By Ekaterina Zolotova
In a recent interview, Russian President Vladimir Putin said the Russian economy had overcome some significant challenges over the past several years, namely Western sanctions imposed after Russia’s annexation of Crimea and the global slump in oil prices. According to Putin, inflation is the lowest it has been in modern Russian history, gold and foreign reserves are growing, economic growth is slowly rising and foreign direct investment is increasing. The effects of Western sanctions appear to be easing. In 2015, Russian gross domestic product declined by 1 to 1.5 percent due to sanctions. In 2017, this number declined to 0.5-1 percent.
If the Russian economy really is recovering, it would give Russia a better negotiating position when it comes to the conflict in eastern Ukraine and would diminish some of the leverage the West gained through sanctions. We previously forecast that Russia couldn’t afford to be isolated from the global economy any longer and would therefore be forced to make concessions on Ukraine to gain some relief from sanctions. But these new indicators have made us take a second look at that forecast.
The Russian economy has indeed displayed some surprisingly positive results in 2018. The State Duma reviewed the federal budget on June 7, and for the first time since 2011, Russia is expecting a budget surplus – totaling 0.5 percent of GDP, or roughly 481.8 billion rubles ($7.7 billion), this year. According to the review, state revenue so far in 2018 was 17 trillion rubles – 2 trillion rubles more than was expected in the budget released in December. And according to the minister of economic development, Russia’s GDP in 2018 may exceed 100 trillion rubles – an increase from 92 trillion rubles in 2017. The World Bank has confirmed that the Russian economy is improving and forecasts that the growth rate will reach 1.5 percent in 2018 and 1.8 percent in 2019-20. In addition, the Russian government expects that non-oil and gas revenue will continue to grow by more than 1.8 trillion rubles in 2018. The government has also said about 60 percent of Russia’s income is not related to oil and gas.
But Russia’s moderate recovery was largely due to the increase in oil prices since early 2018, leading to an increase in revenue by 1.76 trillion rubles. And despite the government’s efforts, the economy is still heavily dependent on the energy sector. In the first quarter of this year, oil accounted for 27.4 percent of Russian exports, and fuel and energy products accounted for 42.5 percent, largely unchanged from 2017.
In addition, Russia’s National Wealth Fund has increased due to higher oil prices, but only marginally. In May, the fund grew by 5 percent if calculated in rubles, but in dollars, it actually declined by 3 percent, or almost $2 billion, due to the weak Russian currency. For now, Russia has chosen not to spend this money but rather to save it in case it ends the year in a deficit.
Even if the economy has improved on the macro level, it seems that Russians remain skeptical. Polls by the Russian Public Opinion Research Center show that the private sector still believes that the economy is struggling. In fact, 69 percent of companies said they believe the government’s economic policies will be ineffective, a 5 percent increase from last year. Business leaders cited economic uncertainty, rising taxes and declining domestic demand among the most important causes of the negative business environment in the country.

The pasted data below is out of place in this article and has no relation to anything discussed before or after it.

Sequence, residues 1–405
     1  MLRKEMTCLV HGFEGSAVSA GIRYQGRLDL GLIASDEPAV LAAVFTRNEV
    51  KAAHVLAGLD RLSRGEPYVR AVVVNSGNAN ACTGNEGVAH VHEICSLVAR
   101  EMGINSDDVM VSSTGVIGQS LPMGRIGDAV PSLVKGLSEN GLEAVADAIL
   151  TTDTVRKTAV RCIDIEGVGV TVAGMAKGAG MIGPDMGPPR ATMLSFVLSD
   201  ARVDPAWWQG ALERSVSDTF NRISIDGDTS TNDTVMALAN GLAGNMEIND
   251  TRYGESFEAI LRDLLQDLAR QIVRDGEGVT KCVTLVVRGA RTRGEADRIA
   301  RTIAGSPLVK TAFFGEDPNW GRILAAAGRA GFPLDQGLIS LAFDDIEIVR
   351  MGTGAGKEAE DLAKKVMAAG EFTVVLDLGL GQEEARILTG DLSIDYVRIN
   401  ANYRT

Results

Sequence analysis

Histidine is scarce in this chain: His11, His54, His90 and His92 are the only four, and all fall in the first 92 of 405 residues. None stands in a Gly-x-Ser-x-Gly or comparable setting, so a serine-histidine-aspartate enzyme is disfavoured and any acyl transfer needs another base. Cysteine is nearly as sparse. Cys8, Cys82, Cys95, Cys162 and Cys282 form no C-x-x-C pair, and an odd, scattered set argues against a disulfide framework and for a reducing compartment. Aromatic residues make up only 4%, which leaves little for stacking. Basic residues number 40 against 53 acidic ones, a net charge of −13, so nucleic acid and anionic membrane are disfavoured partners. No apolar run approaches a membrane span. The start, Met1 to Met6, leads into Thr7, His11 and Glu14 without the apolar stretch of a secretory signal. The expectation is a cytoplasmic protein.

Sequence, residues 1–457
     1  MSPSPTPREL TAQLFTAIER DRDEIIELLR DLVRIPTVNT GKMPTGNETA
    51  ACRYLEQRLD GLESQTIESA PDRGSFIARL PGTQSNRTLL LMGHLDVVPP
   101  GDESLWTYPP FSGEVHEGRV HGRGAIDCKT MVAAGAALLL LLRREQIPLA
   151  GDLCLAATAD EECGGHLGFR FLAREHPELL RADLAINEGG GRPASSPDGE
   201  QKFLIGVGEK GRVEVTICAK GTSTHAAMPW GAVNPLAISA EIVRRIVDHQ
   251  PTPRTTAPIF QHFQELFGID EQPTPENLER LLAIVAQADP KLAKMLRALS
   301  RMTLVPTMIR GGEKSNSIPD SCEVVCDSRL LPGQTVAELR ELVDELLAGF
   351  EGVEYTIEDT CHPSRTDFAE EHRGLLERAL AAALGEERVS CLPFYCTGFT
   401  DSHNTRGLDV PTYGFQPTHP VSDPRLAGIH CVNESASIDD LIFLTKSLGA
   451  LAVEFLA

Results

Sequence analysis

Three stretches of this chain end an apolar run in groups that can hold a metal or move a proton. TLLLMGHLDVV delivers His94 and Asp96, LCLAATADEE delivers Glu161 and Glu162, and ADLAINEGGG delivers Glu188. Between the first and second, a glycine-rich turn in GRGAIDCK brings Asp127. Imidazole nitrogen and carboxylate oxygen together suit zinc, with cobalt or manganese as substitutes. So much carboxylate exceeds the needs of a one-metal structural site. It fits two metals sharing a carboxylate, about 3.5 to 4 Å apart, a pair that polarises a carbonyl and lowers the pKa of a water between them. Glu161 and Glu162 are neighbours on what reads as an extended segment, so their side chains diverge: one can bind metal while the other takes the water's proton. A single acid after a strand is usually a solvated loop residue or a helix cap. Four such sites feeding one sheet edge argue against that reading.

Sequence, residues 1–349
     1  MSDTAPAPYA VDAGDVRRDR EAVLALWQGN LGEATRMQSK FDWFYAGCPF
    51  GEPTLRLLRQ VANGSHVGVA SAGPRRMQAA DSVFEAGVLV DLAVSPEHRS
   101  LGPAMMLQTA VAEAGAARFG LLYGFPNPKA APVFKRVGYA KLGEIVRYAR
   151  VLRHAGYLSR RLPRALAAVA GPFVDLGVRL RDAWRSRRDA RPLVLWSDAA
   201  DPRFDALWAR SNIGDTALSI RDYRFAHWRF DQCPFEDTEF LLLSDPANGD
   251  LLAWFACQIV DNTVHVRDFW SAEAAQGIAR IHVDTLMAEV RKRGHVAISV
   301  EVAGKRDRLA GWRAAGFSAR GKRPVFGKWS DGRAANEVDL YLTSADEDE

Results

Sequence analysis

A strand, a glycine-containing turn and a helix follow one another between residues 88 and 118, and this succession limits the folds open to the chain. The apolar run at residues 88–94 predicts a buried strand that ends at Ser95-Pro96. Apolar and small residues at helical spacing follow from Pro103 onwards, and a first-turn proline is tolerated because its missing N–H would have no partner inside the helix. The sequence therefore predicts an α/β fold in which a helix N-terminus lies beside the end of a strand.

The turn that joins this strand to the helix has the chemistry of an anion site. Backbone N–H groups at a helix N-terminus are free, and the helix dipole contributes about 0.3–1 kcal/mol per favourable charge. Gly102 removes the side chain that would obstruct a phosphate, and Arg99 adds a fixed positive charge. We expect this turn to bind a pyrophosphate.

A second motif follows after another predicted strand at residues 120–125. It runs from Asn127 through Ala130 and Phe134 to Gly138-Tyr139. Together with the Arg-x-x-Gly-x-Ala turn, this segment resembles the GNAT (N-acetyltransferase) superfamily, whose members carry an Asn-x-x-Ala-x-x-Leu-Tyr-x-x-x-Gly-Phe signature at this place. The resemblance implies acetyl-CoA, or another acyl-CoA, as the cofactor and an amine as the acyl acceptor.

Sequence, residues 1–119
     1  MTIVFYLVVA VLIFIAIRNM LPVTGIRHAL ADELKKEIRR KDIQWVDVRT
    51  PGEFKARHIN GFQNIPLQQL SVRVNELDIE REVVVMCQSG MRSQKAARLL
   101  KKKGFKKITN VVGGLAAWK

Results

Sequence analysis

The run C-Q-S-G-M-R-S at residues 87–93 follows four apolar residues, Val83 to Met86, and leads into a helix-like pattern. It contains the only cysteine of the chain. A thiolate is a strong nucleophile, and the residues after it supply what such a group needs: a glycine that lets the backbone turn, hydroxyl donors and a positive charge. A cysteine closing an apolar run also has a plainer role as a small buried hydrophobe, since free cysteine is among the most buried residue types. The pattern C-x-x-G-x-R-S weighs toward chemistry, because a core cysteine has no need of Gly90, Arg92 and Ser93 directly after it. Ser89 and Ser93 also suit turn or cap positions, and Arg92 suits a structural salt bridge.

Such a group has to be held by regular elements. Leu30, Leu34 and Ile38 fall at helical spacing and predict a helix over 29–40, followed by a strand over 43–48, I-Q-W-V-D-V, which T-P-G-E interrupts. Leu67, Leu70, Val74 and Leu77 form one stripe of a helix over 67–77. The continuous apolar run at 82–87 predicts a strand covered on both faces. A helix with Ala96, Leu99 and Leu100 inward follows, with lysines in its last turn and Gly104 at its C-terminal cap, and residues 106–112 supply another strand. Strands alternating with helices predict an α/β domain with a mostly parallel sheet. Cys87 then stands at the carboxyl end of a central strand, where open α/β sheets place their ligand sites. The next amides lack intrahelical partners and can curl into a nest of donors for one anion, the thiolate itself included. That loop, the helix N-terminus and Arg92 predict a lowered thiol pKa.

In the first quarter of 2018, consumer debt reached 4 trillion rubles, increasing by 5 percent compared to the same period in 2017. Almost half of this amount consists of overdue loans. A recent poll commissioned by the central bank showed that inflation expectations in Russia increased to 8.6 percent in May from 7.8 percent in April, partly due to the rise in gasoline prices by 5.6 percent from May to April and by 11.3 percent in annual terms, sparking fears of rising food costs. Eighty-three percent of Russians expect their financial situation will deteriorate due to rising gasoline prices.
Indeed, Russia has seen some growth but little development. In May, following March elections, Putin outlined the economic goals of the new government. In the next six years, he said, the country will be among the five largest economies in the world and will have a growing population, increased life expectancy to 78 years, sustainable income growth and reduced poverty. According to Putin, the country would need an additional 8 trillion rubles to achieve these goals. Yet, it hasn’t made any serious reforms that will increase government revenue to this level or transition the economy away from resource dependence.
The government has admitted that it currently doesn’t have the money to fund Putin’s plans, and so it has to either raise more money somehow or cut spending. But if oil prices don’t continue to rise, the government still has few options to raise revenue. The share of the population that’s economically active is declining and incomes have been falling for years. Raising taxes would only increase the burden on this already overburdened group. (The government is actually looking at cutting excise taxes on diesel, a move that would slash regional budgets.) The government therefore has been considering raising the retirement age and implementing pension reforms to cut public expenditures. But these are highly unpopular measures.
The more difficult economic conditions in the country become, the more Russia will be willing to make compromises in places like Ukraine. This is why it’s important for Russian officials to tout the country’s economic successes, however small and temporary they may be. A strong economy can show the world that Russia is able to withstand the West’s efforts to rein in its foreign policy – which it’s not prepared to do just yet.